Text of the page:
Mr. Tattersome

"There's nothing in there."

Mom always sounded so frustrated. Then again, it must have seemed so obnoxious and arbitrary to her.

"Check again!" I would insist, "I know there's a monster in there!"

She would only ever check once, though. That was the routine. As soon as I cried out in the middle of the night, she would stomp down the hallway, flick on my bedroom light, and throw open the closet door.

I'd look past her at my hanging, regimented clothes and the pile of stuffed animals, toys, and school supplies hastily shoved in and left in a muddled heap on the floor.

"You have to get over this." She would explain, trying to be as kind as she could given the time and circumstances, "You're too old to sleep on our bed, now. Just go to sleep, and tomorrow you'll see everything is fine."

It was never fine, though. I mean, sure, I never had a scratch on me. As far as my parents knew I'd simply had a bad dream during an otherwise uneventful night's sleep.

It didn't take long for him to learn the process. Within a week he had both my Mother and myself timed out perfectly. As soon as Mom left the room, vowing not to return that night, Mr. Tattersome would appear.

I tried everything I could think of at that age. Hiding under the blanket, carrying a flashlight or toy gun to "scare" him… for a few nights I even convinced myself that he wouldn't appear if I blinked enough times as fast as I could. It became a bedtime "tick" that stays with me even today.

The creak of the door always made me feel sick to my stomach, and the sound of his footsteps wasn't any better.

It was the wet, squishing sound of damp cloth being pressed against the hard wood floor.

Mr. Tattersome, the quilt man… covered in bits of teddy bear, doll parts, and swatches from security blankets. Moons, stars, cartoon characters, the mismatched cloth depicting happy images disturbed me even more than the half-mask of a stuffed elephant that covered his face. The trunk hung limp, almost comically, and just beyond the gray fur I could see the sticky paper maché of children's drawings clinging to the sunken face beneath.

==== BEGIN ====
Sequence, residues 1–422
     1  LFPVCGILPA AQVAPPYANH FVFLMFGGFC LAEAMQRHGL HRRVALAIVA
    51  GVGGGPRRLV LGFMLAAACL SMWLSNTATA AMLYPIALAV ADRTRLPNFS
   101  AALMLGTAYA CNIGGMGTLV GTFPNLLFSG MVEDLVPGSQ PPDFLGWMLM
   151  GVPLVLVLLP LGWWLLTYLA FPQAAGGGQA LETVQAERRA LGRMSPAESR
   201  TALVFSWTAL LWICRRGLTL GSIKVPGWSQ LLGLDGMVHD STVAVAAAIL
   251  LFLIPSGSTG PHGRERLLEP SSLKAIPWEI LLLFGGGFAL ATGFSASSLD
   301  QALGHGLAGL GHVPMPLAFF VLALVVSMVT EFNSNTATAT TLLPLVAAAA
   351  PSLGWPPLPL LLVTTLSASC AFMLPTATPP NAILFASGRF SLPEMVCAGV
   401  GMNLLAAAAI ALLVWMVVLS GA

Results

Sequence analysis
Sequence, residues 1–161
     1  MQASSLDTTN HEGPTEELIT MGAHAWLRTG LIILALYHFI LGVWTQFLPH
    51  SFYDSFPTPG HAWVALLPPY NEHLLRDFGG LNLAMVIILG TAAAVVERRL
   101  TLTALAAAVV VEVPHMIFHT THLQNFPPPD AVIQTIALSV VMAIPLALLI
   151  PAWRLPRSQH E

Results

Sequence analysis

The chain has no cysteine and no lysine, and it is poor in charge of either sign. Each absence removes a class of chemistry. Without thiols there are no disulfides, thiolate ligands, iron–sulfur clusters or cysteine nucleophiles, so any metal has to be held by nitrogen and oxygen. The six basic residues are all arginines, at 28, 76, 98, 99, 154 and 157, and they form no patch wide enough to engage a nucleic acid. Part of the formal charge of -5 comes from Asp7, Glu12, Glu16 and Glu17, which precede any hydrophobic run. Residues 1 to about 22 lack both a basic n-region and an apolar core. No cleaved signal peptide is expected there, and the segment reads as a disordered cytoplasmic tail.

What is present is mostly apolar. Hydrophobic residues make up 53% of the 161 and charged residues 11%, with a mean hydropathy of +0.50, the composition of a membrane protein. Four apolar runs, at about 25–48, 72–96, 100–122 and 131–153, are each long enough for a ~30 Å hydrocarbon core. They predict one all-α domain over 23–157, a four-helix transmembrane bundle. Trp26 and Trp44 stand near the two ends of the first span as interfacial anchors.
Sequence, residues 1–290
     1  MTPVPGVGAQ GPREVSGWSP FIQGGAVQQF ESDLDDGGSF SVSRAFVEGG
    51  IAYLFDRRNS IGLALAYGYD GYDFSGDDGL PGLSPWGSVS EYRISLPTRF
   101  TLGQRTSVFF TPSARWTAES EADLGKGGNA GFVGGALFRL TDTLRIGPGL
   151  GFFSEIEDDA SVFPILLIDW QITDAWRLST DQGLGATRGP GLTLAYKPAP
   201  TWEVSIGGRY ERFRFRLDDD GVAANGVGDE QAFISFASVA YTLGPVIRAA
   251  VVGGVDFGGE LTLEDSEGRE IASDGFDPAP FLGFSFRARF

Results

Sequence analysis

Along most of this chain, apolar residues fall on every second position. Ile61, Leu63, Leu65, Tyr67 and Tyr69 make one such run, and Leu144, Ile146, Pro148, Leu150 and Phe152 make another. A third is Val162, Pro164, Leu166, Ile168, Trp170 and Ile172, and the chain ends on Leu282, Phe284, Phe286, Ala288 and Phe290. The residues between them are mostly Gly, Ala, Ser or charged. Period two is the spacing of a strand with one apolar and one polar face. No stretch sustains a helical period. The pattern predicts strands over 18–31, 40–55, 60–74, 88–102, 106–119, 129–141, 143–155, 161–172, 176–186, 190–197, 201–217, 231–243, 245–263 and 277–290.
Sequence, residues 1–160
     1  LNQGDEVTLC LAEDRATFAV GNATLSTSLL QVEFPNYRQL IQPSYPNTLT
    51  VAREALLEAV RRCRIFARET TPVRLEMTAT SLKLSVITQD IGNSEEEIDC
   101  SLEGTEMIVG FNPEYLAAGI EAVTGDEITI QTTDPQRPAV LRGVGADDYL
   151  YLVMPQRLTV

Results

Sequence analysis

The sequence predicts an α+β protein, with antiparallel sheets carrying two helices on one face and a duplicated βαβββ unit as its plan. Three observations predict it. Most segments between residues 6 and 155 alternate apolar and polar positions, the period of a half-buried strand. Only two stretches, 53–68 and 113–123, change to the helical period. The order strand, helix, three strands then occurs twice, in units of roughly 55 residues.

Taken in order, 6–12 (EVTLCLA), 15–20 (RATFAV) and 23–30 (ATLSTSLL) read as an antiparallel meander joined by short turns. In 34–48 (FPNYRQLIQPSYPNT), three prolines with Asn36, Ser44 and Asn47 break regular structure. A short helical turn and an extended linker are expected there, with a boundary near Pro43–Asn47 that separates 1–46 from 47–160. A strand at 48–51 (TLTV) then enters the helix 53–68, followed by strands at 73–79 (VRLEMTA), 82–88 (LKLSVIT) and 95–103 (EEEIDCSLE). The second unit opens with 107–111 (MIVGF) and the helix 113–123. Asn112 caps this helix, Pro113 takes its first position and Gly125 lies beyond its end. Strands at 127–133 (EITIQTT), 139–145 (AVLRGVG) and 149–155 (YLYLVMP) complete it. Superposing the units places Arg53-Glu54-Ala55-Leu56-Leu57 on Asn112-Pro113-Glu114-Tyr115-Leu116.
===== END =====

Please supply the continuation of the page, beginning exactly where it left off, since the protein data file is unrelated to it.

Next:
He never touched me. He barely seemed to know I existed, except for early on when my shrieks sent him crawling back into the closet to hide once more… seeming to be a simple heap of playthings…

Out my window he'd go, and if I dared close it while he was gone, he would simply scrape on the glass with his number two pencil fingers until I was driven mad with terror. Then he would find another way back in, anyway.

I watched him a few times when he'd return. He always had new treasures. Toys to add to his mismatched camouflage. He'd separate the soft fur, strip the cloth, and stick it to himself with the dark blood hanging from his hands in thick strings.

Luckily, I never saw Mr. Tattersome again after the house burned down.


I lit the fire.

They knew it, as well, and while I've never heard the end of my "playing with matches" incident, I've not regretted the decision for a single moment. Not ever.

When the blaze were finally put out, I could see directly into my room from the curb. The closet and its contents had gone up in flames, and all that was left within was a black, hardened mass of highly flammable children's products.

I think he's gone, but I can't say for sure. I know I saw a skull beneath that paper maché… but I never saw a skeleton in the debris.

The next time your son or daughter asks you to check their closet, do a good job of it. Something could be hiding in plain sight.

Although, if you don't… I suppose at least your kid is safe, right?

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